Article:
‘War’ of Libyan militias breaks out in south of Tripoli

Gathafi was ousted, but fighting is not over

TRIPOLI - Rival Libyan militias clashed on Sunday south of Tripoli, sources said, raising fresh security concerns with the war-torn North African country still emerging from a bloody conflict.
A militia from the town of Gharyan, approximately 80 kilometres (50 miles) south of Tripoli, clashed with a rival armed group from the nearby town of Assabia, an official in Prime Minister Abdel Rahim al-Kib's office said.
He said there was no immediate information on casualties, but added that the two militias had been fighting since Friday.
The clash erupted after an Assabia resident killed a local from Gharyan, a source from Libya's high security committee said.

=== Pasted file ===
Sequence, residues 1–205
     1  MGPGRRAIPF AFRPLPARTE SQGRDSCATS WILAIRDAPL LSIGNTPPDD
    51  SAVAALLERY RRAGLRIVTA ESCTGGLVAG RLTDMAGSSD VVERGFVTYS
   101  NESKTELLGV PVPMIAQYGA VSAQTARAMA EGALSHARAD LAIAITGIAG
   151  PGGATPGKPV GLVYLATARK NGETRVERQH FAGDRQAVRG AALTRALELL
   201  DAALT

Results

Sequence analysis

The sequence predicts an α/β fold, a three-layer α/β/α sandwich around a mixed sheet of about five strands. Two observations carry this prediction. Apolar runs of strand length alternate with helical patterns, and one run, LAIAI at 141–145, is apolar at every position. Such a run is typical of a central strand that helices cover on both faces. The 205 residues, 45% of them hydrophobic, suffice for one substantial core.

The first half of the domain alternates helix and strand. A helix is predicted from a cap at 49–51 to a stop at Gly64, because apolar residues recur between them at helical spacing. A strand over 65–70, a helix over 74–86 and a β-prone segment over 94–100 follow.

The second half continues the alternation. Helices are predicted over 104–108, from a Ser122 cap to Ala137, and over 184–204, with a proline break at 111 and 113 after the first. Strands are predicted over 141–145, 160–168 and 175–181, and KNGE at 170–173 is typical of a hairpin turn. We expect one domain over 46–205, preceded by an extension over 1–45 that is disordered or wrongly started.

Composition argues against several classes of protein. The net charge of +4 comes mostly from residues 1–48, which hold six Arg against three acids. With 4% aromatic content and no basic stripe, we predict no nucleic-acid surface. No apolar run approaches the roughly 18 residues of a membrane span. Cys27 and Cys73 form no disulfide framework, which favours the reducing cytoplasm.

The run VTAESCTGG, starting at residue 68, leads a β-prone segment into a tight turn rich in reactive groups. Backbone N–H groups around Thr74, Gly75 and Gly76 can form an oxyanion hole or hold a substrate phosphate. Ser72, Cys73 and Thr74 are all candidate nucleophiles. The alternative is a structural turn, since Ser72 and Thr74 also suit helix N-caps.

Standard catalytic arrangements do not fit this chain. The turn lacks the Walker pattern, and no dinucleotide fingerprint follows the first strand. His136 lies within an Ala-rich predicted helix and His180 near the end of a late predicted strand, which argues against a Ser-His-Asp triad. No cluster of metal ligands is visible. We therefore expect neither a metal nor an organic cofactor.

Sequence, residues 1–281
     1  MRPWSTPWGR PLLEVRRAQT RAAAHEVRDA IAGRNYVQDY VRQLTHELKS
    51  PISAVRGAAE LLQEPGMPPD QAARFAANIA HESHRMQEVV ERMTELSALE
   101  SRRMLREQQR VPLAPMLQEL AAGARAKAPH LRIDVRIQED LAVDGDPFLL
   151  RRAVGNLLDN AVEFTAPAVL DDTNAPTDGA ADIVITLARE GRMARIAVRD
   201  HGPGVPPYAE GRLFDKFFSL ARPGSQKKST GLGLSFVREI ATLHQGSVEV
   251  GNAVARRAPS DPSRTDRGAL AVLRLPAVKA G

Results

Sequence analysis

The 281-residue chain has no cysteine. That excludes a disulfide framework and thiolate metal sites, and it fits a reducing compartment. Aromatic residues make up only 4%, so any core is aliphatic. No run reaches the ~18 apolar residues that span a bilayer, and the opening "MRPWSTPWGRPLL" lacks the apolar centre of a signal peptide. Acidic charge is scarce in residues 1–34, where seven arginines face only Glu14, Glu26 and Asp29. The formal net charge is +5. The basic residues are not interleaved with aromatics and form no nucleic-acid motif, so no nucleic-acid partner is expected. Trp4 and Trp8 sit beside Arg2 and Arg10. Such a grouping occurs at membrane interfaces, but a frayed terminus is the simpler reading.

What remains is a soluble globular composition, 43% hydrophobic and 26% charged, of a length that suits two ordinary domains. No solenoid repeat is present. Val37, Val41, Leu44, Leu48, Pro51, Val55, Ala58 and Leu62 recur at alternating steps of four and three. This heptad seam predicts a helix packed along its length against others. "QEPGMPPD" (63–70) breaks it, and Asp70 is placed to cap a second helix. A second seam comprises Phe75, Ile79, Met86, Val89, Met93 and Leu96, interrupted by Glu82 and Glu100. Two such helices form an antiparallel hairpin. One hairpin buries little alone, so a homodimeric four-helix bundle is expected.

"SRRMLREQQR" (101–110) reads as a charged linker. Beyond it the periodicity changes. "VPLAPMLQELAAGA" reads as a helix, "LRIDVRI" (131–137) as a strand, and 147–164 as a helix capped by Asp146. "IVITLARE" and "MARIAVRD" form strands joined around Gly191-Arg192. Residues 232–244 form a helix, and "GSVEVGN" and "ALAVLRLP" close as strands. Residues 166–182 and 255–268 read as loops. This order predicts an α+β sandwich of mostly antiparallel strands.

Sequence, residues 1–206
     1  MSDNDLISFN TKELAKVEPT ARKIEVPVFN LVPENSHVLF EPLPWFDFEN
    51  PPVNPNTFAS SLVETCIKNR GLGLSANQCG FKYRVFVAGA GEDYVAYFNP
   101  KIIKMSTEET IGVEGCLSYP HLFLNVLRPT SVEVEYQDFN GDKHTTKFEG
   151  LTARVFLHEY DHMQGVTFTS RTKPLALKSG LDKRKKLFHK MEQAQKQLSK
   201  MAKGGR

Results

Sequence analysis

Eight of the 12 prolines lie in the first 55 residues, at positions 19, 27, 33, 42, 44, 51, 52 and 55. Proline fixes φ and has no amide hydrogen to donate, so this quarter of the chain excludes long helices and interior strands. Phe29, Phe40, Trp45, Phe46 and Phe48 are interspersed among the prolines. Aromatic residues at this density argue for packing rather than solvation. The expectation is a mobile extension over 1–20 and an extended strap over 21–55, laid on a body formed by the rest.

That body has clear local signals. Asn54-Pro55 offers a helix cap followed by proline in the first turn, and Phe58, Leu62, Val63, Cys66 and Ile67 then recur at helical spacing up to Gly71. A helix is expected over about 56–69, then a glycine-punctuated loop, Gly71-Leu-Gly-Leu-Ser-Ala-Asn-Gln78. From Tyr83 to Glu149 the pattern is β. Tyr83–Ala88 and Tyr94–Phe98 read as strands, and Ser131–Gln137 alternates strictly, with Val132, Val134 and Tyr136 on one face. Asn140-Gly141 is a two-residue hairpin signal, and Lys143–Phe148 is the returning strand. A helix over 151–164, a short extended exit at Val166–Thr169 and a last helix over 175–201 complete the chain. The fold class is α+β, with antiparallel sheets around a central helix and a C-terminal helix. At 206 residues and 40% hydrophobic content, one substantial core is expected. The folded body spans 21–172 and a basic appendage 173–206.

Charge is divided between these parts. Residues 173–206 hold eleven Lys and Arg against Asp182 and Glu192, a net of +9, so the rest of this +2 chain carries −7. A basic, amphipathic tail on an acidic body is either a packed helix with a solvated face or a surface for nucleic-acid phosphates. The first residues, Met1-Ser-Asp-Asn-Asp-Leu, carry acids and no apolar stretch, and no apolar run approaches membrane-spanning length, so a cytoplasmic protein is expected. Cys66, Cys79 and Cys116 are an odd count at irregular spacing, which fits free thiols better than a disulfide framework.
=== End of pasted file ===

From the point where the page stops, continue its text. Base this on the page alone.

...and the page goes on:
The source said two people were killed and at least 39 wounded on Saturday, adding that the fighting stopped late on Saturday only after Defence Minister Osama al-Juili rushed to the area.
The rival groups used guns and Grad rockets against each other, the source said.
Libyan militias, which have refused to give up their arms despite the end of the conflict that ousted slain leader Moamer Gathafi, often clash with sometimes fatal results.
In early January a gunfight erupted in Tripoli itself, when a group of men from Libya's third-biggest city Misrata traded anti-aircraft and heavy machinegun fire with a militia from a central Tripoli neighbourhood in broad daylight.
Four people were killed and several wounded in the battle that lasted for hours.
In the absence of regular security forces, the militias who helped oust Gathafi provide some semblance of order on the streets, despite often clashing between themselves.